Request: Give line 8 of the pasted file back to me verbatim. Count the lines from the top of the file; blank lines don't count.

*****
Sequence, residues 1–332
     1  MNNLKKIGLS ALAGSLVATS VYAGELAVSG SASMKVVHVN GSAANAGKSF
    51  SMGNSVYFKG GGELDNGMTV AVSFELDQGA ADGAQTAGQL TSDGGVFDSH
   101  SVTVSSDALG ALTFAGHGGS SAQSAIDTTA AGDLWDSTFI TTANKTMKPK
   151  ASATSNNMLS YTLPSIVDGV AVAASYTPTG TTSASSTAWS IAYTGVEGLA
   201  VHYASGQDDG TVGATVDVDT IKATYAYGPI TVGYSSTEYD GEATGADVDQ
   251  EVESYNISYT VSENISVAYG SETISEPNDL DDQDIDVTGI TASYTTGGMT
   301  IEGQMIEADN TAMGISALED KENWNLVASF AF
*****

   301  IEGQMIEADN TAMGISALED KENWNLVASF AF